alison-sweeney

'Biggest Loser' host hopes kid participants will spark 'national conversation'

Jan. 4, 2013 at 10:23 AM ET

When "The Biggest Loser" returns for season 14, viewers will notice a couple of big changes. For instance, trainer and resident tough talker Jillian Michaels will be back on the show after a two-season break. But that's not the only difference that will have fans talking.

For the first time in the weight loss competition's history, kids will be part of the show. Ranging in age from 13 to 16, the young participants will shift the focus of the show to the epidemic of childhood obesity while trying to change their own lives. And according to host Alison Sweeney, it's a good move for "Loser" and for the kids.

"We're really getting into it. We want to have the (childhood obesity) conversation," Sweeney explained during a Friday morning visit to TODAY. "We think it needs to be a national conversation about helping our kids get healthy. The statistics are pretty staggering, and they're getting worse. And we found some amazing kids that we know America's going to fall in love with -- just like we already have."

Unlike the grown-up contestants, who'll be present in the upcoming season as well, the teens won't actually live on the ranch or have to face weekly weigh-ins.

"We're just here to inspire them, to motivate them and teach them and their families to lead healthier lives," Sweeney said.

For those who wonder whether or not it's really a good idea to put kids who are struggling with their weight in the spotlight of prime-time TV, the host insists the move is purely positive.

"The truth is I think they're already being bullied; they're already having a hard time," she told TODAY. "We want to support them and be their friend, and find them a new conversation to have about what we can do right. And they are inspiring their families and their communities, and other kids that watch. It's been fantastic so far."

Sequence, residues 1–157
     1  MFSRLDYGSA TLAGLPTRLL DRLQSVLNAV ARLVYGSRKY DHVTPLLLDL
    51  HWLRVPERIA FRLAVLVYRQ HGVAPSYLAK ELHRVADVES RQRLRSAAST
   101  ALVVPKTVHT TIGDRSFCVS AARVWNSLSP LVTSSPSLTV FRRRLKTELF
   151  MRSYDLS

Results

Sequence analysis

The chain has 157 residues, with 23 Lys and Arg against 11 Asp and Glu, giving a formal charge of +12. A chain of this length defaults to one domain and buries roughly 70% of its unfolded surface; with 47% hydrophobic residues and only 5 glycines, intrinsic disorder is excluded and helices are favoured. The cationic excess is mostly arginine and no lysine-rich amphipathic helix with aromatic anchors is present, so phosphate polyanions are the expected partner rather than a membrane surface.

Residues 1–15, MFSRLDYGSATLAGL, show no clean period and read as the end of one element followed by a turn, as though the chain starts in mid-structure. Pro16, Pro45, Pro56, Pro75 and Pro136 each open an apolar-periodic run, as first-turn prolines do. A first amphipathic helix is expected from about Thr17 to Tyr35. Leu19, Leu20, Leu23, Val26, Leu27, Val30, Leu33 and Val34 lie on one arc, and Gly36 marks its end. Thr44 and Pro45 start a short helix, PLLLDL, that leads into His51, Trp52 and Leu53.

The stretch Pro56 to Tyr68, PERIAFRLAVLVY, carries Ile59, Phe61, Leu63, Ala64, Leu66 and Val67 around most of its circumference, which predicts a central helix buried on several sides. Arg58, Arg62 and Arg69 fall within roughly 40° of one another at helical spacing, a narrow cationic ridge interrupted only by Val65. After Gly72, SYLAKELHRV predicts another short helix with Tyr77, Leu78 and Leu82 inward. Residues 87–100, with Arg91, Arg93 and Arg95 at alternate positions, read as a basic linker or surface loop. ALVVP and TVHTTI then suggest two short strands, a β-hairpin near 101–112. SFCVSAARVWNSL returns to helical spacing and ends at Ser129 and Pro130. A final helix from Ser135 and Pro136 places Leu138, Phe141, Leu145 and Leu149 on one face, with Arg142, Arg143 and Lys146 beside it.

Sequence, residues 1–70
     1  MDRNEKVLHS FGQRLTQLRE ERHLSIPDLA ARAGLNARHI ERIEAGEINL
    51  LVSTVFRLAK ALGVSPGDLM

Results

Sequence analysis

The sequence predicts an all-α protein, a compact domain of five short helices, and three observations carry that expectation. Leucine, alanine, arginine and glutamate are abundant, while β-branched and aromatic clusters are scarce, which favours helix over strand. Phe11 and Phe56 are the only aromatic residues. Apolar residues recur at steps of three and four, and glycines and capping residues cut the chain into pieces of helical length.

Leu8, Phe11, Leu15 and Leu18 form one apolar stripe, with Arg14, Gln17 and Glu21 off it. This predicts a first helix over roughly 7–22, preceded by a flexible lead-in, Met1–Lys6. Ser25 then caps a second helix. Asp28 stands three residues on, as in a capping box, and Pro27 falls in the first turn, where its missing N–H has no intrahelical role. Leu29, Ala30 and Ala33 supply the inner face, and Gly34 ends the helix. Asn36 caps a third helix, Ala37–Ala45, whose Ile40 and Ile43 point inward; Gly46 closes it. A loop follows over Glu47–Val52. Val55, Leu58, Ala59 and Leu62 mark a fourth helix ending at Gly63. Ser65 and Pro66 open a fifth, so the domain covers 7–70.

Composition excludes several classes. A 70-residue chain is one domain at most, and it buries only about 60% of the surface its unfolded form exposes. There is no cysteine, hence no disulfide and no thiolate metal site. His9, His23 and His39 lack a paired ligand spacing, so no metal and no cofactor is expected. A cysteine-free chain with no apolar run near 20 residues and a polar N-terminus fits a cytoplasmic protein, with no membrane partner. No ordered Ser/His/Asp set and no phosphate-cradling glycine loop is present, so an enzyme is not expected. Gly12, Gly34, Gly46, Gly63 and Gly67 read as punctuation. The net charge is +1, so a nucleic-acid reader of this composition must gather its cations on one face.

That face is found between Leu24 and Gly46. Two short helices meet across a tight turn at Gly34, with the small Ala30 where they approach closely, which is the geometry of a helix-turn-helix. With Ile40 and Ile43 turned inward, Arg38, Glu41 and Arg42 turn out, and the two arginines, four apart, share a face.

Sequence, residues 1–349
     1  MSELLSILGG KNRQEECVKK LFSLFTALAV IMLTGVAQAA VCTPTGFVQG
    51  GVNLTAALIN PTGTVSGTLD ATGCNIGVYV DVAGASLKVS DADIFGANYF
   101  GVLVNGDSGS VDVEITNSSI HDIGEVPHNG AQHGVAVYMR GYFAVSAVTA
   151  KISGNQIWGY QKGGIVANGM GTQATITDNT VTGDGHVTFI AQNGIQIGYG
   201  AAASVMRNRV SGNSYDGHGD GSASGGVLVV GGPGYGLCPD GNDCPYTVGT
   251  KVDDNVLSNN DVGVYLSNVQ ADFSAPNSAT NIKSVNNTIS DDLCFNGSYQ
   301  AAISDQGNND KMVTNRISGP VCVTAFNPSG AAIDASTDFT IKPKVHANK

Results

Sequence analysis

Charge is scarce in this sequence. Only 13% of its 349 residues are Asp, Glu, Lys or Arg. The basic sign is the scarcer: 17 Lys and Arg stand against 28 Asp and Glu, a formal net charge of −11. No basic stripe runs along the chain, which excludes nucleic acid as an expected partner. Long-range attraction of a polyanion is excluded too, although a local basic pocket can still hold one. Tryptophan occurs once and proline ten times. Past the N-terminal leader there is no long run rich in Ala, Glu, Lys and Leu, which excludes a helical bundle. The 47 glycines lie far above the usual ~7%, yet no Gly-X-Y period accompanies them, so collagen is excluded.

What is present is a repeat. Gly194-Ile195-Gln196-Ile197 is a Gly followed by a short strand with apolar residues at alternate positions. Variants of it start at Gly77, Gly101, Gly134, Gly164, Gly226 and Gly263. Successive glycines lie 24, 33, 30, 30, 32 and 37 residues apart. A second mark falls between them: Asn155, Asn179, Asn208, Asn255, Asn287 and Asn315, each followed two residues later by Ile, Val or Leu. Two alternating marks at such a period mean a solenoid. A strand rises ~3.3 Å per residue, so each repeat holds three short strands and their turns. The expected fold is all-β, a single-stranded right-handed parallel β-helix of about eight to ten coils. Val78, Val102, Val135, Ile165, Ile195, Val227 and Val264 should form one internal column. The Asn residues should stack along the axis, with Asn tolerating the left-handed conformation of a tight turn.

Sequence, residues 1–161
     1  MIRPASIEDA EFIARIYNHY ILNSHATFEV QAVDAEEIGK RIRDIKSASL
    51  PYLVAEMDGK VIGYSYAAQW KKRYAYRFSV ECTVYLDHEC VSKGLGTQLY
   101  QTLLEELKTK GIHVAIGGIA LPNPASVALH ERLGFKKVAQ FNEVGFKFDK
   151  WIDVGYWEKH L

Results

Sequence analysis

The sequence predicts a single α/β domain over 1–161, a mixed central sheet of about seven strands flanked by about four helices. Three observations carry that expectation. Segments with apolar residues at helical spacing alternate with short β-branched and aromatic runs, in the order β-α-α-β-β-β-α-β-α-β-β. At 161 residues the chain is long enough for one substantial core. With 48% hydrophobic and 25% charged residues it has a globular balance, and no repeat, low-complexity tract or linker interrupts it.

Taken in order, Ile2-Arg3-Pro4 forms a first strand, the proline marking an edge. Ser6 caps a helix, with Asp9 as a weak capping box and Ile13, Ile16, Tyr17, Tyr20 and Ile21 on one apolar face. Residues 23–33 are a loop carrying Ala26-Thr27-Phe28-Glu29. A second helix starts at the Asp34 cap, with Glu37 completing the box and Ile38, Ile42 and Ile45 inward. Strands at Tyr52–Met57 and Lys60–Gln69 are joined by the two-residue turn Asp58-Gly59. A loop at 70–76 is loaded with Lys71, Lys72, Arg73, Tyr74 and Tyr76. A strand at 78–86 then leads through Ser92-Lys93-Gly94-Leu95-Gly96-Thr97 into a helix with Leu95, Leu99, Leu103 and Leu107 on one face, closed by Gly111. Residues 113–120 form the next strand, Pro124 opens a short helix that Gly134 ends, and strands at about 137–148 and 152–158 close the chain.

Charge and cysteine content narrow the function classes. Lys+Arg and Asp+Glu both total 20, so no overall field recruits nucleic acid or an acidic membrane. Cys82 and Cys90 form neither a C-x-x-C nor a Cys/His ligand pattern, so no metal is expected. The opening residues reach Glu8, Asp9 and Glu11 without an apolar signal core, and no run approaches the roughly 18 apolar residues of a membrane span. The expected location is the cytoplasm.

And it's that sense of motivating more than just the teens on the show that encourages Sweeney.

"We want to get these kids healthy and we want to help parents start at the beginning and help their kids be healthy all along," she said.

Which is exactly what attracted Michaels to return to the competition.

"We are going to be showing America things they can do to help impact the health of our younger generation, which for the first time, in conceivably the (history of the) world, kids now have a lesser life expectancy than their parents," the trainer said in a preview clip for the new season. "The best thing we can do though, as parents, is acknowledge areas where we can improve and work on it."

The season premiere of "The Biggest Loser" airs Sunday night at 9 p.m. on NBC.

Are you looking forward to the return of "The Biggest Loser"? What do you think of kids joining the show? Share your thoughts on our Facebook page.

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